Not Downward but Upward
Where are You now? When darkness seems to win? Where are You now? When the world is crumbling? I hear You say, “Look up child, Look up child.” Where are You now? When all I feel is doubt - Oh, where are You now? When I can't figure it out - I hear You say, “Look up child, Look up child.”
– Lauren Daigle
It has struck me recently in the Scriptures how much we are told to “look up” and “lift up our eyes”. At first I thought it was most likely just a synonym for “look” or “see”. However, in the midst of this pandemic, I have been reminded time and time again to “look up, not in”.
We have a tendency to look inward to solve our problems. Looking to our own understanding: “if only I can figure this out…” Or, to our own comforts and needs: “I need a little ‘me time.’” First things are my own: “I will take care of my finances and household, then I can tend to the church and the needs of others.” The tendency of sin is to move us inward and cause us to navigate with an internal GPS. An inward resting place can often lead to a shallow worldview and to be honest, one of despondency and unfaithfulness. The continual command of our God is for His people to “look up and lift up your eyes”.
Genesis 13:14 says “The LORD said to Abram, after Lot had separated from him, ‘Lift up your eyes and look from the place where you are…’” This is a call to obey. This is also a call to set his sights not on what is right under his nose (the place where you are) but rather, to the place you will be. Of the twenty or more times the phrase "lift up your eyes" is used in the Bible only a handful are negative and those generally are forbidding lifting up eyes to idolatry. The primary thought is that to lift up one's eyes is to see reality. Over and over again, lifting our eyes is linked to the reality of God and His majesty.
What is the reality in our world today? What is really real? Jesus Christ and His victory over sin and death! Scripture reminds us to keep our primary focus: “Though outwardly we are wasting away, yet inwardly we are being renewed day by day. For our light and momentary troubles are achieving for us an eternal glory that far outweighs them all. So we fix our eyes not on what is seen, but on what is unseen, since what is seen is temporary, but what is unseen is eternal” (2 Corinthians 4:17-18). We set our sights not to what is seen—but to what is unseen. We are people who have hope for the future—the coming Kingdom of God and promised land He guarantees. God calls us to look outward and upward to the limitless possibilities He has placed before His children. This is not so we can be “so heavenly minded that we are no earthly good.” On earth, there is work to be done, ministry to get busy with, and justice to be brought on the scene. However, the secret of faith is to keep our eyes open to the vision of the Almighty. He will lead us into glory.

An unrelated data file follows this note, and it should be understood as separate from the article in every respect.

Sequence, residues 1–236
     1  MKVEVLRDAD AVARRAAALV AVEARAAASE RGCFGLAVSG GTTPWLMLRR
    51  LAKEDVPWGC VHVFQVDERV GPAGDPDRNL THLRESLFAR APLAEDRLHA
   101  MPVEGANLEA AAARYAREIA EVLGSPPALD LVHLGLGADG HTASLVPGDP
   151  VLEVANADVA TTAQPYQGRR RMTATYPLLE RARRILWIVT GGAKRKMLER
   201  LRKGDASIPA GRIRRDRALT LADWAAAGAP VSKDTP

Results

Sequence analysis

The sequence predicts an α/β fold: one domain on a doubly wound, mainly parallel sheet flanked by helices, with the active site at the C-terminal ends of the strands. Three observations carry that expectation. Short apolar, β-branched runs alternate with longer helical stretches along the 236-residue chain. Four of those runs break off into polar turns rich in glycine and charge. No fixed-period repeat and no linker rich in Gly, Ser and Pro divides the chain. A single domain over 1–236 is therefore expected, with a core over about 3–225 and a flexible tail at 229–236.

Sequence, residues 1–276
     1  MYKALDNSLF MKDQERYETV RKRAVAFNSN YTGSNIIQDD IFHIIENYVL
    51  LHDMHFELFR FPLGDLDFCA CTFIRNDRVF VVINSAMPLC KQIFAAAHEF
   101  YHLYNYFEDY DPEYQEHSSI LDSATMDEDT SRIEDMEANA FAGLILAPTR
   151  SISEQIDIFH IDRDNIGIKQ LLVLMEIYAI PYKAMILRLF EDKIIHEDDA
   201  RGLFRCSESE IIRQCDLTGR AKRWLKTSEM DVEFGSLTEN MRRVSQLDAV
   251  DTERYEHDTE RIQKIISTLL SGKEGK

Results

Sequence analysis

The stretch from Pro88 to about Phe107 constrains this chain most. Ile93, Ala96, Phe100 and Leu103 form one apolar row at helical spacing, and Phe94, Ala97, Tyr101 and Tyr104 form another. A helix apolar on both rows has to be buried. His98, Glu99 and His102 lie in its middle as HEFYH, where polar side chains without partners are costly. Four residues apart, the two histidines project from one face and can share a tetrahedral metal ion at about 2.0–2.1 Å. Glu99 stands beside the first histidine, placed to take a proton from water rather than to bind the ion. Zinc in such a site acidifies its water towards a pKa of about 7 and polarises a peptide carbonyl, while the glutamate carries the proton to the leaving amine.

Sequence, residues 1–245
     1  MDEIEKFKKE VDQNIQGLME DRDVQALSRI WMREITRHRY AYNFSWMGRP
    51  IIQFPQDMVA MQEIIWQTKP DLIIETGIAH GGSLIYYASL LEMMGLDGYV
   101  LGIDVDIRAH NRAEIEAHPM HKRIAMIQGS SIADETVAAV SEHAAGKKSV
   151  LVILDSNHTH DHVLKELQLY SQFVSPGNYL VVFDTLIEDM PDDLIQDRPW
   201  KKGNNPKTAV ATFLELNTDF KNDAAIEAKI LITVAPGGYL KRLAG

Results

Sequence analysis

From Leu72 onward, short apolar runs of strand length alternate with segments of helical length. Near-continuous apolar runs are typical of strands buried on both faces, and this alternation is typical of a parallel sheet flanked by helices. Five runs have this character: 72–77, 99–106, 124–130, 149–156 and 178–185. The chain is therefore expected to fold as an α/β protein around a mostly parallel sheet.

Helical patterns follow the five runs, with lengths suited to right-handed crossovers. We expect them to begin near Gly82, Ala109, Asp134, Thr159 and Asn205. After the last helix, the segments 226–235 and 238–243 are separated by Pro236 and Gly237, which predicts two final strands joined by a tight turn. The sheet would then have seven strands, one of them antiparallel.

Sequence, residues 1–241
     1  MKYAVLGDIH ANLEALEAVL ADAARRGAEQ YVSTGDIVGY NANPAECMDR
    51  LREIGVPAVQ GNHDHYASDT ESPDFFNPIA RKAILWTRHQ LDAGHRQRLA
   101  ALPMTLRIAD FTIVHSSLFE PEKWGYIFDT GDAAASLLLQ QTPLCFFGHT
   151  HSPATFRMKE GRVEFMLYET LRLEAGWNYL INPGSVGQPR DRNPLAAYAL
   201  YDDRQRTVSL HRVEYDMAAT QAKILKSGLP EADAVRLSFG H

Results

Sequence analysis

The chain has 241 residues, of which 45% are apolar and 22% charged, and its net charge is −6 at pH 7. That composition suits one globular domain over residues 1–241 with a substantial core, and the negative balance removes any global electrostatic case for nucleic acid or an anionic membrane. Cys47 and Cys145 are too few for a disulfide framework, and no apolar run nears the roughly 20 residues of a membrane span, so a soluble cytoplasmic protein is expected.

This week’s passage casts that vision – the vision of the Heavenly Kingdom to come. Our true paradise. Where our eyes should be fixed.
You’re not threatened by the war, You're not shaken by the storm, I know You're in control. Even in our suffering, Even when it can't be seen, I know You're in control. Oh, I hear You say, I hear You say – “Look up child.” – Lauren Daigle.
Look up, Hebron!
As you prepare for worship this week, read Genesis 13:14-18.
1. Quickly read over the paragraphs leading up to our text this week. What insight into Abram and his character is evident here? Why do you think our verses follow this story of Abram and Lot?
2. The text begins with the pronouncement that the Lord spoke to Abram. What emphasis or stress does this add to the promise?
3. How does this text communicate the all-encompassing nature of God’s promise here to Abram? What ways does that sweeping imagery communicate God’s desire?
4. The land is given to Abram and to his offspring. Why does God phrase it that way? Why not just to Abram? Or, just to Abram’s children?
5. By linking Abram’s offspring with the dust, what is God trying to communicate? What alternative interpretations might lie behind the imagery?
6. Why does God have Abram walk through the land? What is His point here?
7. How does God desire for us to have the same experience? What is the “land” we are to see when we look up? Upon what is this promise given?